Norway’s Banknotes Designed by Snohetta, Norway Architecture, Central Bank of Norway
Norway Banknotes Designed by Snøhetta
Central Bank of Norway monetary design
The Beauty of Boundaries Design
Norway’s Banknotes by Snohetta
Snøhetta and seven other designers were earlier this year invited to submit proposals for Norway’s new banknote design. All designs will be exhibited in Oslo this month, and the winning proposals were announced by The Central Bank of Norway during the exhibition opening last night.
The designs submitted by Snøhetta and The Metric System will each represent one side of the new banknotes – Snøhetta’s design will be the foundation for the backs, while The Metric System’s design will be the starting point for the fronts.
Snøhetta’s design is created upon the theme: The Beauty of Boundaries.
(Peter Richter, German physicist and chaos scientist, 1988)
Human beings settle nearby rivers, mountain chains, mountain passes, and coasts. We settle near boundaries – near the boundary between one element and the other. The beauty of boundaries is about the transition between sea and land, where something meaningful and interesting happens. Over time the sea becomes commonplace, just as land easily becomes so. However, where sea and land meet there is life. There is life in the same way as life on earth exists between sea and air, between land and air. Where water meets earth, soft meets hard, wet meets dry, life is created.
Our long coast has created our identity, our heritage, and our industries. It has created national and international transport opportunities, as well as the creation of our welfare society. It is a vivid meeting that creates life.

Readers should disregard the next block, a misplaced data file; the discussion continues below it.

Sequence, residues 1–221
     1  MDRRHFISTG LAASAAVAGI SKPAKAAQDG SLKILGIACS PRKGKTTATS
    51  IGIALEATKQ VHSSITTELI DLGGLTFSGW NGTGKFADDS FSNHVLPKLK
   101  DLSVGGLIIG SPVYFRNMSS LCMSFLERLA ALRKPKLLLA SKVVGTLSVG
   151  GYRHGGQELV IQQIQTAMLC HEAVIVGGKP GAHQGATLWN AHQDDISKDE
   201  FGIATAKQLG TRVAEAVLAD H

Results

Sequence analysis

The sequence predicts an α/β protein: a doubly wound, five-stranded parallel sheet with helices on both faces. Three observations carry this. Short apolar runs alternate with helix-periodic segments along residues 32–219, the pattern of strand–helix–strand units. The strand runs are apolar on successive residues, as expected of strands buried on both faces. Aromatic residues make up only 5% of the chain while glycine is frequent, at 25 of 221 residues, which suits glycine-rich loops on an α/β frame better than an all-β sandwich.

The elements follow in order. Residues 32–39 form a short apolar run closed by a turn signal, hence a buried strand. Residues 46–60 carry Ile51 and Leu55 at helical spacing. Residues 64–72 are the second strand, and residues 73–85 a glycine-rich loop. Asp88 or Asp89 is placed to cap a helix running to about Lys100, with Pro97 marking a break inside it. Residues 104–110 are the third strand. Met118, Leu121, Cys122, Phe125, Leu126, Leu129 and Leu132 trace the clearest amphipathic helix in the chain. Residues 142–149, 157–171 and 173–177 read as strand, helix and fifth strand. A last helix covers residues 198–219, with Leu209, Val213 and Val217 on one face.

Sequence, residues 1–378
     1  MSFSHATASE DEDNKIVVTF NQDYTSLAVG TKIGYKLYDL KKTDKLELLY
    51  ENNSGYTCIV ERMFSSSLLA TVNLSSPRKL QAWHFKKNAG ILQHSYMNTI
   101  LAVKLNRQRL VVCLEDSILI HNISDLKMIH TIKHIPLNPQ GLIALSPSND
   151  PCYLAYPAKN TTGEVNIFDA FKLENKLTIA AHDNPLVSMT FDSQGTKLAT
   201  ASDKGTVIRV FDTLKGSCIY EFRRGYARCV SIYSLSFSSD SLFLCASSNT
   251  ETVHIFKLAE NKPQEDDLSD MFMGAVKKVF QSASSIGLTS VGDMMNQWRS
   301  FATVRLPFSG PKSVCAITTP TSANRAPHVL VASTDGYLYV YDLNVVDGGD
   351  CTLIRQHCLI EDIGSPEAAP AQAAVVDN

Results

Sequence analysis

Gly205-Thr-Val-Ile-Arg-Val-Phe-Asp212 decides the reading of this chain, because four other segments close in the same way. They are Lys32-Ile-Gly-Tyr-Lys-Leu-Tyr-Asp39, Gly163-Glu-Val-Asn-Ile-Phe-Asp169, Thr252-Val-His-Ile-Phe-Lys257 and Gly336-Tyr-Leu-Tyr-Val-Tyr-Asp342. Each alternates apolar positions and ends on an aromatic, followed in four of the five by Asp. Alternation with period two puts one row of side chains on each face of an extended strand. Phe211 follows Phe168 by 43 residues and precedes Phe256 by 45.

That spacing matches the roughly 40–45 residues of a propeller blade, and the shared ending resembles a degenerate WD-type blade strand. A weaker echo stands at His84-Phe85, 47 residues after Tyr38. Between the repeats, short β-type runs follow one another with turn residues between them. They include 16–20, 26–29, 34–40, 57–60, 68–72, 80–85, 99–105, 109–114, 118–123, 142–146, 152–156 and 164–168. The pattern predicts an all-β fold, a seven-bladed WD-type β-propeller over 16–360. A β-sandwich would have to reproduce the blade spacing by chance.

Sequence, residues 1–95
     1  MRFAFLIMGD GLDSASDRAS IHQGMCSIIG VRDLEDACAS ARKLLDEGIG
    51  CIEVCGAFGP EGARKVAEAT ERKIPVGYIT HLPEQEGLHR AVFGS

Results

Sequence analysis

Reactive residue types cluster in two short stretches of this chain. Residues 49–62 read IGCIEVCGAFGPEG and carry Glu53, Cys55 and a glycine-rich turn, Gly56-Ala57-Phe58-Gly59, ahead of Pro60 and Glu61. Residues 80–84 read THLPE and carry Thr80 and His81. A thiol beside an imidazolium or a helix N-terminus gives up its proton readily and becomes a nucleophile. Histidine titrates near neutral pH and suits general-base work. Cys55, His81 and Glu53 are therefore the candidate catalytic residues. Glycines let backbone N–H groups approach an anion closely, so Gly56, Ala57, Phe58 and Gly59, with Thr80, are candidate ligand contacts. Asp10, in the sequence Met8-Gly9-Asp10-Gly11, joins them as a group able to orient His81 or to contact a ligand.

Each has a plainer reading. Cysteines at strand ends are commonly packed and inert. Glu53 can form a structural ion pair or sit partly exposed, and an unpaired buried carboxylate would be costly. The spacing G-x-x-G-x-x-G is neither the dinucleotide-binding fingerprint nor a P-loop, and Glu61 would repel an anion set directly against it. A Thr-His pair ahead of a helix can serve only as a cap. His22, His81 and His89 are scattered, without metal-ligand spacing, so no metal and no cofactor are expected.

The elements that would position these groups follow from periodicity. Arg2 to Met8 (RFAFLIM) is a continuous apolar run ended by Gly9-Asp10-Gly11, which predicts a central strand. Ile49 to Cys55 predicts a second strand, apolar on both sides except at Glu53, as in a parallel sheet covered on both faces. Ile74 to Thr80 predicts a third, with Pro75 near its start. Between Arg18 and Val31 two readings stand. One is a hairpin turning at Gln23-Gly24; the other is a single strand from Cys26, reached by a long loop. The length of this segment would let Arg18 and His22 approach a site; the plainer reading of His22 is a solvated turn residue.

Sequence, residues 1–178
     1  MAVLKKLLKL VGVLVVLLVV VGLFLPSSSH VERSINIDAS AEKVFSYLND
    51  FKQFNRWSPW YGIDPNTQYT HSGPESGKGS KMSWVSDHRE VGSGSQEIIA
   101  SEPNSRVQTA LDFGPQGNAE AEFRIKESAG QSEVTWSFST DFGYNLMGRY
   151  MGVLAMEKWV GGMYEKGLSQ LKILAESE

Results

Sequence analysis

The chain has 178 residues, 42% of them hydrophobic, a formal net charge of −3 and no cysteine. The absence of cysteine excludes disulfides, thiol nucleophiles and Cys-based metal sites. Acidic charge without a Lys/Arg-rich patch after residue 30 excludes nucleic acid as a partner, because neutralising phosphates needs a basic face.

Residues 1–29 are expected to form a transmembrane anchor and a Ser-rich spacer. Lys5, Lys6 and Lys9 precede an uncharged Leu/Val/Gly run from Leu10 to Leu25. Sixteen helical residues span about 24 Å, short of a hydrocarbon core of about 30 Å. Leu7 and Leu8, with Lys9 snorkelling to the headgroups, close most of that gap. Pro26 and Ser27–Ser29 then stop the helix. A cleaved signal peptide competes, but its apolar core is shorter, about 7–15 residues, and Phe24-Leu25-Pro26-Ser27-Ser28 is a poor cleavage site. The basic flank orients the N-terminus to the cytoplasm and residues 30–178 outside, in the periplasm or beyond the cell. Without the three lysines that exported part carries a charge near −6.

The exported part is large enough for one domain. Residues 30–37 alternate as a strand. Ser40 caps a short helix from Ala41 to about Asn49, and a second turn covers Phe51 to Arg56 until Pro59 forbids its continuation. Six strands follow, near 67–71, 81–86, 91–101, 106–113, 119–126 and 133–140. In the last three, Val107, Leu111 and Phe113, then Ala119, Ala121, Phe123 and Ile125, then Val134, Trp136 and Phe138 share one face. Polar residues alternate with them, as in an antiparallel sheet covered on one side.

When contrasts come together, as when soft meets hard or digital meets analog, a dynamic is created. Our cubical pattern first of all represents pixels; our times visual language. Secondly, it represents mosaic; surface décor put together by different materials of different colors which together create a picture. The cubical pattern constructs the coast, the horizon, and the motive; just as we humans construct our societies on the coast.
Our organic pattern abstracts the sea. Seen in connection with the rational cubical pattern, it emphasizes the differences between the soft and the hard. Both patterns follow the Beaufort scale, as an expression of wind force, affecting the waves of the sea. On the 50 NOK note the wind is gentle, represented by short, cubical shapes and long, tame waves in the organic pattern. On the 1000 NOK note the wind is strong, expressed through sharp long shapes on the cubes and short waves.
The pattern and the abstracted motives create a horizon. The horizon is perhaps the most used dramaturgy for expressing border crossings. The nuances are tied together by the horizon and overlapping in the pattern. Just as our cost, the different banknotes are connected.
We have chosen black and white photos to enhance the colors of the cubical pattern, as well as to complement the Norwegian style and tone. The pictures contrast the rational system, and have motives with both direct and indirect storytelling. Our goal is to bring people into creating their own interpretations and associations. You will never know exactly what or how, but the design invites you into the beauty of boundaries – the transition between digital and analog, soft and hard – a dynamic that creates tension and life; just as the boundaries of our coast
Norway’s Banknotes Designed by information from Snøhetta
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Snohetta Norway – Practice Information
Snohetta studio based in Oslo, Norway
Snohetta Architects : further information on this celebrated Norwegian architects studio
image : Placebo Effects
Architect office led by Kjetil Thorsen with Craig Dykers
Snohetta : Norwegian Architects
Snohetta have an architects office in New York based at 50 Broad St
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